Cytec Industries Inc. (West Paterson, NJ, US) announced in early 2014 that its new US plant in South Carolina was complete and ready to start production. Cytec confirmed that the new line will yield small-tow (3K-24K) fiber.

Taipei, Taiwan-based Formosa Plastics also has been expanding over the past several years, with nameplate production now at 8,750 MT. In 2014, Formosa Plastics introduced a new fiber, TC55, with a reported tensile strength of 4,413 MPa and tensile modulus of 379 GPa.

Newer players are also enjoying success. Since its inception less than a decade ago, and first acrylic precursor-based commercial carbon fiber line startup in 2010, AKSA (Istanbul, Turkey) with a current capacity of approximately 3,600 MT of fiber per year on two lines in Turkey is aggressively pursuing carbon opportunities in many sectors, including wind, infrastructure and automotive. After forming a strategic partnership with the Dow Chemical Co. (Midland, MI, US) in 2012, called DowAksa, the new joint entity is developing a broad range of products for automotive in particular, and has a development agreement with Ford Motor Co. In late 2014, the company hosted an event in Atlanta, GA, US to announce its intention to build a U.S.-based carbon fiber plant within the next several years. This follows an earlier announcement in 2013 that DowAksa will build a fiber plant in Russia, with US$1 billion quoted as the investment amount for the Russian and U.S.-based facilities combined. DowAksa says it intends to capture a significant piece of the industrial carbon fiber market.

Hyosung (Gyeonggido, South Korea) began fiber production in mid-2013, and is on course to manufacture 8,000 MT by 2020, estimates one carbon fiber market expert. Its “high-strength” Tansome industrial-grade fiber product achieves a tensile modulus of 5.5 GPa and a tensile modulus of 290 GPa.

In mid-2011, Saudi Basic Industries Corp. (SABIC, Riyadh, Saudi Arabia) announced that it had signed a technology agreement with acrylic manufacturer Montefibre SpA (Milan, Italy), granting SABIC and its affiliates an extensive international license on carbon fiber technology developed by Montefibre.  Since that time, ground has been broken on a new plant in Saudi Arabia with a planned annual capacity of 2,000-2,700 MT, which should be online by mid-2015.

Other market entrants include Dalian Xingke Carbon Fiber (Dalian City, China) and Yingyou Group Corp. (Lianyungang, China), and at least three other China-based entities, in Shandong, Zhejiang and Guangxi provinces, are reported to be developing carbon fiber production. Kemrock Industries and Exports Ltd. (Vadodara, India) began fiber production several years ago, with a plant capacity of approximately 400 MT. Russia’s Composite Holding Co. together with state-owned Rosatom produces fiber under the company name Alabuga-Fibre LLC in the Republic of Tatarstan. Estimated plant capacity is 1,500-3,000 MT.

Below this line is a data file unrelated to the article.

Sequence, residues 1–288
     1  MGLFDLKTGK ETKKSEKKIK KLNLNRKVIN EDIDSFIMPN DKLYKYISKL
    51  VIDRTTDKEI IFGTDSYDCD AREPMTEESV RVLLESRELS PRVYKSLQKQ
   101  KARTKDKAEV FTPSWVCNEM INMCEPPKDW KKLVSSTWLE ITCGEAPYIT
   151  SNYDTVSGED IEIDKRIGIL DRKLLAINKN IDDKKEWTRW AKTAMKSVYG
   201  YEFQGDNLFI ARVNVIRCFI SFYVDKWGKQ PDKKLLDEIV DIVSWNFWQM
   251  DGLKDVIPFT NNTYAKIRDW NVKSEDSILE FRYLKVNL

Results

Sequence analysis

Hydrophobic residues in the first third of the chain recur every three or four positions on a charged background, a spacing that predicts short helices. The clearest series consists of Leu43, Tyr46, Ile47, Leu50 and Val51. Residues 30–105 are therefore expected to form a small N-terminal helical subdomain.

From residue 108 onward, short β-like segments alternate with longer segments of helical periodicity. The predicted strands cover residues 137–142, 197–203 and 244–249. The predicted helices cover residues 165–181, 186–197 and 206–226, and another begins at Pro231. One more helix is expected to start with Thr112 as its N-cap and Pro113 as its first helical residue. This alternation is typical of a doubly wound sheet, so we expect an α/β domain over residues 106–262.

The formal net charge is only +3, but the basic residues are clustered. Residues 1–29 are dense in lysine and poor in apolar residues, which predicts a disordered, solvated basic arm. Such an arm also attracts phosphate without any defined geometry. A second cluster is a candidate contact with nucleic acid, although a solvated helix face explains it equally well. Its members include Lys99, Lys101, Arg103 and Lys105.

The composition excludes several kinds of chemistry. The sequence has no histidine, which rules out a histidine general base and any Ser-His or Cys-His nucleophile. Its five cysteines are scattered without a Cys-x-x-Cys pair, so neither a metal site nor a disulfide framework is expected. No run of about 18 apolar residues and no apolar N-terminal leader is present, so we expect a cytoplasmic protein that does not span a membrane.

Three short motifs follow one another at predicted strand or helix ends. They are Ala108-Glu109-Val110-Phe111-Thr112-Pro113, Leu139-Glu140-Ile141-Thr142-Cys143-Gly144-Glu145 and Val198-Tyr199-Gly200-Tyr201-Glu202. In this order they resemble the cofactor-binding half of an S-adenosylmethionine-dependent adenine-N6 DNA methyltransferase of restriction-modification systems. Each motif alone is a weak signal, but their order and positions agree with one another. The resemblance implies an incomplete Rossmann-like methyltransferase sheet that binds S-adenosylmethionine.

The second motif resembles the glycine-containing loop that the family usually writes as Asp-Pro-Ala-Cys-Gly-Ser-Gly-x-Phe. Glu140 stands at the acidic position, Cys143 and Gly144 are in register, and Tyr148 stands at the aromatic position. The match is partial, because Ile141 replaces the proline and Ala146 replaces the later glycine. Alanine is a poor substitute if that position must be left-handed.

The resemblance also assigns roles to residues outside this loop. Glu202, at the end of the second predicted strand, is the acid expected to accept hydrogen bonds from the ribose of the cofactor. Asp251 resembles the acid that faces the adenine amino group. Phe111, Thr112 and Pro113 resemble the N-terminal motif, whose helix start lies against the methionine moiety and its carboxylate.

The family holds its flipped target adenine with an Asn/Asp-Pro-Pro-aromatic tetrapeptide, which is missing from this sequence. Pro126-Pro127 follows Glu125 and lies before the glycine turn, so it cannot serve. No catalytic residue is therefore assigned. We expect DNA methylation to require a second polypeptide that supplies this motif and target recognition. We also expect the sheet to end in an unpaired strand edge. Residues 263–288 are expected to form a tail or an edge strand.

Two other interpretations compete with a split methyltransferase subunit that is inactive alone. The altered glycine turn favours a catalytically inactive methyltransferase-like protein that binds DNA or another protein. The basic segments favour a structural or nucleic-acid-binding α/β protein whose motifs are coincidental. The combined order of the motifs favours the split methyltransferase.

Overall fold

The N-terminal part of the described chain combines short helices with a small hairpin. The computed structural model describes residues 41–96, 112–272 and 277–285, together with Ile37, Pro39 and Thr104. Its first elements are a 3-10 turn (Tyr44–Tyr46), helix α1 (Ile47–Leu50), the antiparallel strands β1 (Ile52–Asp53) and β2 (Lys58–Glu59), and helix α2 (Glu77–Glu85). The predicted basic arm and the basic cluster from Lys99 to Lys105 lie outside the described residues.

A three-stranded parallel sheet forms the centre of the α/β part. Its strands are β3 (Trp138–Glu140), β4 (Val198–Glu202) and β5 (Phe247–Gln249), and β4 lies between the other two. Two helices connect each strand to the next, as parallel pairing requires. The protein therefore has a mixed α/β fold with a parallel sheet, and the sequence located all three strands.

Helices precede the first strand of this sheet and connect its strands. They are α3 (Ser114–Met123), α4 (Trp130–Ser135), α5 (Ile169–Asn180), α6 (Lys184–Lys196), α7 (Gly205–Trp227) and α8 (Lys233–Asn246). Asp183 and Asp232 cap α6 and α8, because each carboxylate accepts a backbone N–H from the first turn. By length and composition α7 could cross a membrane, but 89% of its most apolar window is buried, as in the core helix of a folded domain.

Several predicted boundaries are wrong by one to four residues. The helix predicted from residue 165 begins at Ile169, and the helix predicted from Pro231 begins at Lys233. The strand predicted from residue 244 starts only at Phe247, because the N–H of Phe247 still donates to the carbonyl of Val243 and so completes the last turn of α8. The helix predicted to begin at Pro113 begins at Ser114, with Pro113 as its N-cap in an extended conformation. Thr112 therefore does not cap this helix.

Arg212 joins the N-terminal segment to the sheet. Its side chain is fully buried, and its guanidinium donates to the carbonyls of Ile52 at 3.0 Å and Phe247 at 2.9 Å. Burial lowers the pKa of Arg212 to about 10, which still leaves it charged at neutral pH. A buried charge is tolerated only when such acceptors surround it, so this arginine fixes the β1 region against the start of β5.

Demand for other advanced fibers is increasing as well. Continued security concerns have stimulated growth in the armor market, prompting increased production of aramid and polyethylene fibers. DuPont Advanced Fibers Systems (Richmond, VA, US) increased production of its DuPont Kevlar aramid fiber by more than 25%, with a US$500 million capacity expansion — reportedly the largest expansion in Kevlar history. Competitor TEIJIN ARAMID BV (Arnhem, The Netherlands), now produces four brands of aramid fiber — Twaron, Technora, Sulfron and Teijinconex. It also expanded its Twaron capacity by 15-20% from its base of 23,000 MT per year in Emmen and Delfzijl, in The Netherlands.

A growing trend is advanced fiber recycling, particularly in the case of carbon fiber. Its high value translates to a potentially significant demand for reclaimed fibers, especially for recovered high-strength, high-modulus aerospace-grade fibers. A number of firms — chief among them MIT-RCF (Lake City, SC, US), Adherent Technologies Inc. (Albuquerque, NM, US) and ELG Carbon Fibre Ltd. (Coseley, Dudley, UK) and CFK-Valley Recycling (Stade, Germany)— are advancing technologies to reclaim fiber that can be reintroduced into the value chain as short, chopped fiber for use in thermoplastic composites, or longer fibers formed into mat products. One Boeing researcher has reported that recovered aerospace short fibers exceed the mechanical properties of virgin chopped industrial fibers, making them attractive for reuse.